For the last few years, there have been many hues and cries over the apparent decline of democracy or democratic values around the world. Freedom House, an American think-tank that measures the state of global freedom, reckons that 2016 was the eleventh consecutive year in which the declines in the global freedom outnumbered improvements.
Setback in the Western Democracy
In some parts of the West, the issues that democracies face are deep-seated with an advanced and matured rise of populism or nationalism. In Hungary, an authoritarian prime minister, Viktor Orbán, is overseeing his country’s descent into fascism. In Poland, the ruling party is trying to snatch judicial independence—an act more fitting with autocratic or nascent democratic states.
In general, the ever-increasing influence of donors and lobbyists over politicians has made many voters skeptical of the efficiency of their political system. In the European Union, too much power is vested in the hands of unelected bureaucrats. The nattering parliaments at times fail to come to an agreement over delivering fundamental legislations such as the budget. The Brexit deadlock in the UK, for example, severely frustrated voters.
Skepticism is also on the rise over the influence of large international organizations such as the World Bank or International Monetary Fund (IMF). Britain’s decision to exit the EU was, perhaps, the strongest sign that the populace believes these large multinational organizations do not protect the interest of the many.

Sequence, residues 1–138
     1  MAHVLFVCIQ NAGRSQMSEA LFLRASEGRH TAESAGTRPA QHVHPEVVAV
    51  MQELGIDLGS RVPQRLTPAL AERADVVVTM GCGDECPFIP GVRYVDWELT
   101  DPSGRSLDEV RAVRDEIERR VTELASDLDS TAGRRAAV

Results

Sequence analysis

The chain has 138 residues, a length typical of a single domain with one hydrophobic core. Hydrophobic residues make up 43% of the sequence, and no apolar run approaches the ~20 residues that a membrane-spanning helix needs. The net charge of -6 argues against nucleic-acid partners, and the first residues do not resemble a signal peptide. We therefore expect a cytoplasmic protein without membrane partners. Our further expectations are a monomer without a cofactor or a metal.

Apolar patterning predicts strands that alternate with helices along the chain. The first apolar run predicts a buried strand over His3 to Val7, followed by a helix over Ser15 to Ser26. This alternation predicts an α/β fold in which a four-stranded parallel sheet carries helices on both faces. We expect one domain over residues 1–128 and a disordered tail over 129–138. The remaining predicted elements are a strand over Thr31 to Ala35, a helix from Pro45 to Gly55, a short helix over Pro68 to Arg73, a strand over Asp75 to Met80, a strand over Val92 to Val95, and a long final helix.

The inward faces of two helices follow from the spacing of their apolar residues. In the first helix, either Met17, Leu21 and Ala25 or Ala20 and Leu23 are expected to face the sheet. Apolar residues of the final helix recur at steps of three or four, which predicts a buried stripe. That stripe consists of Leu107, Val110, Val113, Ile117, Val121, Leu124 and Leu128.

Western voters are also becoming distasteful of their governments’ interventions abroad, because of the liabilities they bring—like migrants who supposedly steal their jobs and pollute their cultural purity. Additionally, America’s military interventions in many countries, often in the name of establishing freedom and democracy, resulted in profound doubt about the kind of democracy it preaches.
One of the two reasons identified by The Economist to have caused the latest misgivings about democracy in the West was the financial crisis of 2007-08, which compelled the constituents to view politicians as sold off to corporate power (other being China).
The Russia and China factors
The re-emergence of Russia as a critical force in the world stage, along with the current US administration’s apathy to promote democratic values, emboldened many autocrats around the world. From Turkey to Cambodia, Thailand, and the Phillippines, democratic forces are in genuine retreat.
In the Middle East, the Arab Spring, which raised the hope of democracy and freedom across the region, miserably failed. After the Egypt experience, the public seems less adventurous about change.
In India, Narendra Modi’s electoral triumph proves that a population as large as, and a democracy as old and stable, as India’s is willing to embrace the chauvinistic identity politics that stands in contrast to fundamental democratic values.
Some from Bangladesh’s ruling party seems to take inspiration from the fact that the partial or nominal democracy in the South East Asian countries resulted in significant economic prosperity, essentially arguing that democracy can take a back seat to development. Sri Lanka remains the solo success story in this entire region.
So, does the overall grim state of democracy signal its irrelevance in this age?
The Chinese case against democracy
The most commonly made case against democracy is its inefficiency and messiness. The rise of China makes this case even stronger. Why should one consider democracy as the ideal form of government when China has doubled its living standards nearly every decade while America at its best pace took 30 years to do the same? “Democracy can make certain matters that are very simple under undemocratic conditions overly complicated and frivolous,” Yu Keping, a noted Chinese academic, wrote in his widely noted book, Democracy is a Good Thing.